IN JAZZ, playing (or going) “outside” refers to when an improvising musician leaves the harmonic progression or tonal center of a song, creating dissonance, new textures, or shifting tonalities. The soloist temporarily leaves the confines and expectations of the familiar structure and searches to express something new and unpredictable.
The improviser can explore this territory for as long as they wish, returning to the “inside” as a resolution–harmonically, melodically, or formally. In the process, the musician has stretched their ears and played something new and in-the-moment; the listener has experienced something deviant and unexpected. Every participant is changed by this brief experiment.
For the GDS Jazz and Creative Music program, the concept of going outside captures our approach to how we play and where we play. Since 2015, I have invited students to reach out to their peers in the program and form small groups to participate in jazz festivals and performances around the country. In doing so, I have asked them to leave the comfort zone of School to interact with new environments and new people in about half a dozen cities a year–most recently Orlando, where we attended the Jazz Education Network (JEN) conference.
When I say “we,” I’m referring to the contingent of musicians in the program who choose to travel. The program consists of five curricular ensembles with a total of 70 students: two lab bands, a chamber ensemble, a large ensemble, and an Upper Level band (currently called Soggy Closet) for seniors. I cannot require these students to go out of town for all our trips, which is why I let them arrange their own smaller groups for travel purposes. I register them for the events, and watch them perform. I want them to have ownership of the performance and engagement with the judges and audiences.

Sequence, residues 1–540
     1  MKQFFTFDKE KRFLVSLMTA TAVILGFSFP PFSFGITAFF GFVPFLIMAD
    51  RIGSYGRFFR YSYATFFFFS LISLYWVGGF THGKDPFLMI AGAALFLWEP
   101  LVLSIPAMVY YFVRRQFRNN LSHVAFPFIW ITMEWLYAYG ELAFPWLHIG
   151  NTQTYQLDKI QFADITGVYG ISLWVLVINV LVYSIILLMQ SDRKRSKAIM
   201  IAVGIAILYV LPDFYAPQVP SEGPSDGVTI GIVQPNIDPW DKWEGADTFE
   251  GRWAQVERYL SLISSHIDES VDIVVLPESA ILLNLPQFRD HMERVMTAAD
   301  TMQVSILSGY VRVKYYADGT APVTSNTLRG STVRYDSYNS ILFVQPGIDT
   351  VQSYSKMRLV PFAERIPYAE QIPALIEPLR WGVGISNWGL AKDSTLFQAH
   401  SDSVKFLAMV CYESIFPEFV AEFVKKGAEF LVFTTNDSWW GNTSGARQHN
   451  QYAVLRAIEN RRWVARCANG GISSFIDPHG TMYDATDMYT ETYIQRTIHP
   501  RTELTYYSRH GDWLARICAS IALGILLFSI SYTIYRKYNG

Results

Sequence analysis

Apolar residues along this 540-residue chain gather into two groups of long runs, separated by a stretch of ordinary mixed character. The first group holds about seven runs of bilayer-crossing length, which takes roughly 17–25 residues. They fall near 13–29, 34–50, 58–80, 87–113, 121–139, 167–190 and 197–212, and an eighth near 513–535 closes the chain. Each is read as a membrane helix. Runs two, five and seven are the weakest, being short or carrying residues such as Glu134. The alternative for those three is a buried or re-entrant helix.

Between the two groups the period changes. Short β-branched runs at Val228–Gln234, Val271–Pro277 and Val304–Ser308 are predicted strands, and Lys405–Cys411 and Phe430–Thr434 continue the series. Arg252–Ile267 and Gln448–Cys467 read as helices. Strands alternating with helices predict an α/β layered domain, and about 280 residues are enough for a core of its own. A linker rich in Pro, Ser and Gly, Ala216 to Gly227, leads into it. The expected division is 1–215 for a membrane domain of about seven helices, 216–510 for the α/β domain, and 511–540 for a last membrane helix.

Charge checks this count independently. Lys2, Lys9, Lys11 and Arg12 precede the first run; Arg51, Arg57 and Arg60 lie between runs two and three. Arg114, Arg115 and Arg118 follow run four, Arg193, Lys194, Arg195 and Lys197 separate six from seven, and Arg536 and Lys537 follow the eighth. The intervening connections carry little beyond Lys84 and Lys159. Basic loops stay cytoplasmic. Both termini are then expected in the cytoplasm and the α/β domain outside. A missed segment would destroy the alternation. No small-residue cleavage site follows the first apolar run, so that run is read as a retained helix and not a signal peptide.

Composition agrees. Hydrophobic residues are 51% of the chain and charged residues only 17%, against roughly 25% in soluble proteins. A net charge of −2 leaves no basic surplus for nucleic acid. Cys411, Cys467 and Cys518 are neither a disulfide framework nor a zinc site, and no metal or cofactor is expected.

Don’t get me wrong. The classroom is a safe space to learn, create, take chances, and fail. The bandstand is no different. But attending rehearsals two to three times a week and performing for friends and family creates an insular environment. It is important for students to leave the confines of home and evaluate themselves on a large scale, holding themselves to standards set by their heroes on the records and finding out where they fit in the big picture and the global community.
By going outside, students learn to apply skills learned in the classroom to their own, self-guided ensembles. They choose like-minded bandmates, select a repertoire that reflects their approach and taste, and create arrangements that display their understanding of jazz practices while highlighting their personal style. They learn to live life on the road, room with their peers, and appropriately pack for themselves and their performances–bringing music, instruments, spare reeds, strings, and other necessities. They attend masterclasses with professional musicians, hear local high school and college bands play, and place themselves in the spotlight by leading their own bands in public and adjudicated performances.
Feedback from outside the GDS community can be an exciting and affirming event, or it can be soul-crushing when the performances do not go as planned. And that’s how students learn some hard truths about being a musician.
A certain investment and energy is needed to traverse long distances and play for people who don’t know who you are. They don’t know that you have driven 12 hours the day before and couldn’t rehearse. They don’t care that you play three instruments and crush it in class. So young musicians have to grapple with key issues: Do I know what I’m doing? Can I succeed in an unfamiliar place? Can I capture the energy from the audience and express my artistic vision in real time?
As with music, going “outside” to perform takes confidence, preparation, and conviction. The student must be unafraid of failure and commit to the journey. The beauty of this music and life as an improviser is that nothing is permanent. You get another opportunity to create.
Drums • Feedback from the Outside
Cameron Salehizadeh ʼ23
Soggy Closet, Upper Level Band